The establishment of implicit perspectives of personality in Sesotho-speaking South Africans
Kruger, Sonet Beatrice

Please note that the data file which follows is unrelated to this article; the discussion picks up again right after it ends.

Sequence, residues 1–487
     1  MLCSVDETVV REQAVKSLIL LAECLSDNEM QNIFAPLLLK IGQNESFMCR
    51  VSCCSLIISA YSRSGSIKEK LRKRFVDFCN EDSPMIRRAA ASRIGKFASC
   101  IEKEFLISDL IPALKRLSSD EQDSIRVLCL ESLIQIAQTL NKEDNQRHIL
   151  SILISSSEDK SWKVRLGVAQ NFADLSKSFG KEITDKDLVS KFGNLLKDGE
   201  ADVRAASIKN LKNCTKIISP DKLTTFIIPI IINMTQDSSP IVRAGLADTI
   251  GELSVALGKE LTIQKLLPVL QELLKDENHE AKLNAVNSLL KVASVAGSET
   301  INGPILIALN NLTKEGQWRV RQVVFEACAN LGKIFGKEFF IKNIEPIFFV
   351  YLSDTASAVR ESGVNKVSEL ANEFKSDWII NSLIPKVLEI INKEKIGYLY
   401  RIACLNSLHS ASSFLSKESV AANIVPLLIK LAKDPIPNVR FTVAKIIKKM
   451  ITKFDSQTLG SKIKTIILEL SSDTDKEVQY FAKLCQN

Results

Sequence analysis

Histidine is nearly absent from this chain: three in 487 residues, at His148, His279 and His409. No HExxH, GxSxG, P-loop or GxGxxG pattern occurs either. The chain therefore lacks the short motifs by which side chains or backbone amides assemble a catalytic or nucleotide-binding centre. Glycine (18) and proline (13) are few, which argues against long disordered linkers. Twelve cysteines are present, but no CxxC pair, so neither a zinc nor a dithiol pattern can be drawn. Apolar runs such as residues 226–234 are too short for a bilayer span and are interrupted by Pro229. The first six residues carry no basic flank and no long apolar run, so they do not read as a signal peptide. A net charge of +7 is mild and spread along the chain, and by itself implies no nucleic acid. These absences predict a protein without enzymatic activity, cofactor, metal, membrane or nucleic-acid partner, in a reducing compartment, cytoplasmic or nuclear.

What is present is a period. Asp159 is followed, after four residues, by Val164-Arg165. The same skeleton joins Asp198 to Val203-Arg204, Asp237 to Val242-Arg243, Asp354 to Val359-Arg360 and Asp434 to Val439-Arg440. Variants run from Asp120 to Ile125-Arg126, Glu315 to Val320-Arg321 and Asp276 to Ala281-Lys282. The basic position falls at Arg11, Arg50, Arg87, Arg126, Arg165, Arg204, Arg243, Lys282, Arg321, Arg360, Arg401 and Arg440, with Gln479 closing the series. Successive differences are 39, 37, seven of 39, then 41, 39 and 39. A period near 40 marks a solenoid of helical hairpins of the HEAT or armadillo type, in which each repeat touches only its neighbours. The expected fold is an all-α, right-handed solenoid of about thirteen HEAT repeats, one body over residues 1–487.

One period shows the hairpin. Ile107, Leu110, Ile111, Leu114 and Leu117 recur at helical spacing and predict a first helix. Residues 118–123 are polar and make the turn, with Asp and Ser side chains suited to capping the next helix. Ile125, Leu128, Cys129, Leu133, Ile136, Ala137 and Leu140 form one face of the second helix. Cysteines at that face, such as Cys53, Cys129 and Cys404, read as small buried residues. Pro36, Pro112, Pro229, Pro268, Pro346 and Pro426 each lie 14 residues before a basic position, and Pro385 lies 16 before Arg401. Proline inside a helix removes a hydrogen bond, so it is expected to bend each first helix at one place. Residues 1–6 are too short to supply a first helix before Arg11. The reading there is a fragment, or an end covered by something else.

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The application of personality assessment techniques for clinical and personnel decisions has always been a major activity for psychologists all over the world. In South Africa personality assessment tools are often used for purposes of selection, placement, determination of job satisfaction and development. Psychological testing in South Africa was originally initiated with white test-takers in mind, and currently none of the available personality questionnaires used in South Africa have been found to provide a reliable and valid picture of personality for all cultural (language) groups. Since 1994 South Africa has had a new constitution and there are stronger demands for the cultural appropriateness of psychological tests. In this study, the implicit perspectives of personality of Sesotho-speaking South Africans are being determined in order to develop a more culturally fair personality assessment tool for South Africans. A qualitative research design was used with an interview as data-gathering instrument. A Sesotho-speaking fieldworker was recruited to interview 120 Sesotho-speaking South Africans from the Free State Province. The study population was purposely drawn from different sections of the Sesotho-speaking population. A total of 4873 Sesotho-speaker personality descriptors were obtained from the participants and then translated into English. Content analysis was used to analyse, interpret and reduce these descriptors to a total of 94 personality characteristics, which highlights the most important perspectives of personality for Sesotho-speaking individuals. The personality characteristics were divided into seven categories, namely sociability, interpersonal relatedness, emotionality, meanness, conscientiousness, dominance and other. The majority of the characteristics are representative of communalism or the collective consciousness in African communities. Sesotho-speaking persons are socially active and are sympathetic, caring and tolerant towards others, they are willing to become involved in the feelings, problems and welfare of others. The findings of this study were compared to the Five Factor Model and evidence were found for the extraversion, conscientiousness, neuroticism and agreeableness factors, but not for the openness to experience factor. In comparison with the Chinese Personality Assessment Inventory support were found for 17 of the 22 personality scales. Characteristics such as admonitory, resourcefulness, religion, humour, fair, judgemental and discriminating can be seen as characteristics indigenous to the Sesotho culture. Limitations in the research are identified and recommendations for future research are made.
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